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Penmyarth Fish Stone/ Llangorse/ Crug Hywel

May 24, 2014

This will be the fourth year that I have worked at the Green Man Festival for what has become Guerilla Archaeology. The festival, which takes place in August, is held at Glanusk Park on the banks of the River Usk near Crickhowell. It is a rich archaeological landscape, and Alan Lane and I have written a brief guide to the archaeology of the Park and its environs, which is available as an information board during the festival. The major prehistoric monument of the Park, the Fish Stone, is not accessible to the public, however, nor is it accessible during the festival. Having never seen it, I wrote to the Park’s estates office and asked to visit. A number of other Guerilla Archaeologists were able to come. Alan Lane kindly agreed to extend the trip with a guided visit to the crannog at Llangorse, and Jacqui Mulville suggested we climb to the hillfort on Table Mountain,Crug Hywel.


Standing at just over 4.2 metres tall, the Fish Stone is an Old Red Sandstone orthostat which looks somewhat like a fish. It is sited in a quiet glade on the banks of the Usk. The worn face in the photo above faces east towards Crickhowell – as Ian Dennis noted, at sunrise and sunset the stone must cast a long shadow of a fish on the ground, while at noon a thin shadow will point due north. It is believed to be Bronze Age, and to form part of a possible group of route markers. There is another standing stone in Glanusk Park – this one is thought to have been early medieval, although it has been moved to a new location in Penmyarth churchyard and engraved with an epitaph to Joseph Henry Russell, the 2nd Baron Glanusk, in 1928.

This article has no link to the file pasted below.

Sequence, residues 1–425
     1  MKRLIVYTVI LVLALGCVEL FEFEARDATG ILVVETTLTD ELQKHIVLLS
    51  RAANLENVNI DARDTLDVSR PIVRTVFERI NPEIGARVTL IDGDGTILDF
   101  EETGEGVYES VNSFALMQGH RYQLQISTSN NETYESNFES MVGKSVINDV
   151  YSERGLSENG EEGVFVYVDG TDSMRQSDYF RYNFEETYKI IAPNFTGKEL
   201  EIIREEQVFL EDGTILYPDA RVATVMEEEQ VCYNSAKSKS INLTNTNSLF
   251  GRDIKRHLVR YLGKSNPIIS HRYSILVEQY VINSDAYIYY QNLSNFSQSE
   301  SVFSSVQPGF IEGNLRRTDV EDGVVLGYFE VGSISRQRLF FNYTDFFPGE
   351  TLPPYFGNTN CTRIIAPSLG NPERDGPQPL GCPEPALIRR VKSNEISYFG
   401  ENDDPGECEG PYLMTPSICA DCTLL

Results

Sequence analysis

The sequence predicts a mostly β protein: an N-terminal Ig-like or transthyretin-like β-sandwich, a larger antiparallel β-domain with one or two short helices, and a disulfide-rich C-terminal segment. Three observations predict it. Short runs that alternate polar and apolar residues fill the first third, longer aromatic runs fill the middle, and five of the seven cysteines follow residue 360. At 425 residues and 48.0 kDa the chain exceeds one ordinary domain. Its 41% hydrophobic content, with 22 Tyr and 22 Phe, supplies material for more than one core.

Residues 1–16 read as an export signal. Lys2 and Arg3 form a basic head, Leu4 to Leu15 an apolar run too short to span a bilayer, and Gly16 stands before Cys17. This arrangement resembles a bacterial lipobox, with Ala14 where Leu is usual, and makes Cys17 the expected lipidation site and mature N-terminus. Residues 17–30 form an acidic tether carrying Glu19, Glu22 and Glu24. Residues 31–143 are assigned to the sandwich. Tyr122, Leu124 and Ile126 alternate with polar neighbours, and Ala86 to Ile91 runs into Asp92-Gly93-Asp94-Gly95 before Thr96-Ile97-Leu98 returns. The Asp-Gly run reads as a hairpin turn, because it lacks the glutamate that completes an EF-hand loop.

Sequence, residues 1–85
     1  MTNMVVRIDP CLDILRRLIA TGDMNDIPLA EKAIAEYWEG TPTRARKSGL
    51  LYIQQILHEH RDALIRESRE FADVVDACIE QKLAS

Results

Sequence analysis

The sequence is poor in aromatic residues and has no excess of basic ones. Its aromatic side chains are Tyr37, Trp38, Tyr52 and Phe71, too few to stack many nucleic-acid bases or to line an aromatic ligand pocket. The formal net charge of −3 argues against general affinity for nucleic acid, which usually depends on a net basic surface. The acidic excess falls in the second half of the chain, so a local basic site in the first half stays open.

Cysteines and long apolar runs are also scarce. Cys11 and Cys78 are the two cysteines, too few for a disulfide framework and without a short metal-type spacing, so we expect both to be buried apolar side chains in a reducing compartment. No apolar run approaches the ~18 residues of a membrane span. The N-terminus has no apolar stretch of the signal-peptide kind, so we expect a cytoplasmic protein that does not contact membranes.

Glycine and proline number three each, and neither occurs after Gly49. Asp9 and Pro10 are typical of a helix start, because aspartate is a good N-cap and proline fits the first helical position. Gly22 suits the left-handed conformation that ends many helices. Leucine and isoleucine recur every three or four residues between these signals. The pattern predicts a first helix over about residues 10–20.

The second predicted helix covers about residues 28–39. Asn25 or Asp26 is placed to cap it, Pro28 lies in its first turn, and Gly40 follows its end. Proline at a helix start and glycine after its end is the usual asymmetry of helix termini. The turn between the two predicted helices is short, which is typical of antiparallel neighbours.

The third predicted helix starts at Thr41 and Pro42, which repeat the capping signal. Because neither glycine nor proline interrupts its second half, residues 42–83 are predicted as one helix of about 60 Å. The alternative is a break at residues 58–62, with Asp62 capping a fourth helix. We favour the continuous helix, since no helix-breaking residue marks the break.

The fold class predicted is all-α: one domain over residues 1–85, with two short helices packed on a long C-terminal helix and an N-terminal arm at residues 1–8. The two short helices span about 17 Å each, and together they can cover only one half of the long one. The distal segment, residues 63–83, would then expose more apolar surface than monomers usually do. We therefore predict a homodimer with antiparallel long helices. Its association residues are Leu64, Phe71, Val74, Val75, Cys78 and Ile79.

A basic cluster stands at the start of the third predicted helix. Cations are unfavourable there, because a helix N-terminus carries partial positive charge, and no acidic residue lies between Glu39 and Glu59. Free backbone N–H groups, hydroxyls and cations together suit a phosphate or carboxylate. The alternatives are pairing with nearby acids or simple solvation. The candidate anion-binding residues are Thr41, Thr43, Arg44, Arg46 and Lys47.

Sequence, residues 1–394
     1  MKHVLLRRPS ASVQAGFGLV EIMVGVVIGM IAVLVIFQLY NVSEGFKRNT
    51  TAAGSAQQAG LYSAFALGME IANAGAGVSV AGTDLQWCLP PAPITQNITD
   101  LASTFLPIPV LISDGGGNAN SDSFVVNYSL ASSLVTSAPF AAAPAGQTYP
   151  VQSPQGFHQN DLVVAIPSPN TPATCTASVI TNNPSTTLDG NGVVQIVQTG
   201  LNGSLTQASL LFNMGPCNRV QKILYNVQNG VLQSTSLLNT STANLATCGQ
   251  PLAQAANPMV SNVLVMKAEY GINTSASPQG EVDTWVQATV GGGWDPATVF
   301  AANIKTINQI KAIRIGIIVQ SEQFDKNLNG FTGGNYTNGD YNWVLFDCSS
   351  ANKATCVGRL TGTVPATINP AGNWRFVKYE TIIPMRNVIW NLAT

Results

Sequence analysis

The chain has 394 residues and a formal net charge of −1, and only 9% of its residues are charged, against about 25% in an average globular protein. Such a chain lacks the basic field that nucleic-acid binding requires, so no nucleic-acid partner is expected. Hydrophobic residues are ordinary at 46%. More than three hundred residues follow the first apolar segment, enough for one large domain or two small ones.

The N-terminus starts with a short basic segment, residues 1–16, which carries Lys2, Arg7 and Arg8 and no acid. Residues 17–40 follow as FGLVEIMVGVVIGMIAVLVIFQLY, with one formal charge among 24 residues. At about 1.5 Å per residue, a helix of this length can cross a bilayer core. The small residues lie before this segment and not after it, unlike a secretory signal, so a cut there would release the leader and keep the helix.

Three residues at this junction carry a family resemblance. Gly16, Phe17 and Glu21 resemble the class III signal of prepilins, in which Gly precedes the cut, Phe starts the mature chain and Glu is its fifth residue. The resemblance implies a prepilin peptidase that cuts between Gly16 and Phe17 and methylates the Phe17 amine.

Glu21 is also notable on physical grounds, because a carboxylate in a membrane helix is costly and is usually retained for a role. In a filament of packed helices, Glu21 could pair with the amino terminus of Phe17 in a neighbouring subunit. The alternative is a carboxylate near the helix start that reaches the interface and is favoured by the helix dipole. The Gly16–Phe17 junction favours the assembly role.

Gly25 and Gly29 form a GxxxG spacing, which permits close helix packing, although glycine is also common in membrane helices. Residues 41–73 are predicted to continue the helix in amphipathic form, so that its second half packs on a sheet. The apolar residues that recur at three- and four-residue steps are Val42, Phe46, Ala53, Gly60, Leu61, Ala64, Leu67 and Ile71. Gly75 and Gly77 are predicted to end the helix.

ImageStanding stone in Penmyarth churchyard

After Glanusk Park, we headed off to Llangorse lake, site of the only crannog in Wales. A visitor centre tells the story of the archaeology – with the pallisaded settlement being built in the late 9th century AD, and periodically extended, until being destroyed in 916 by an army led by Aethelflaed, Queen of Mercia (and King Alfred’s daughter). The reconstructed roundhouse that houses the visitor centre is based on an iron age crannog house from Scotland or Ireland, rather than any of the Llangorse structures. Chained outside the visitor centre is a reconstruction from the 1990s by Time Team of a log boat discovered in the lake. To reach the crannog itself, we hired rowing boats. The site is protected by a stone bund, and there is little to see of the archaeology, although we could make out some planks in the shallow water to the south east of the crannog


The south east of the crannog at Llangorse

After lunch in Crickhowell, we climbed up to Crug Hywel hillfort on Table Mountain, a spur of Pen Cerrig Calch. Walkers are damaging the site by taking stones from the banks to build shelters – two of these were extant when we visited. The hillfort encloses an area of 162 x 59 metres, and has frankly stunning views . A small number of rounded hollows are visible which may be hut sites.


The entrance to Crug Hywel, at the east of the hillfort, and just a little taste of the fabulous views.


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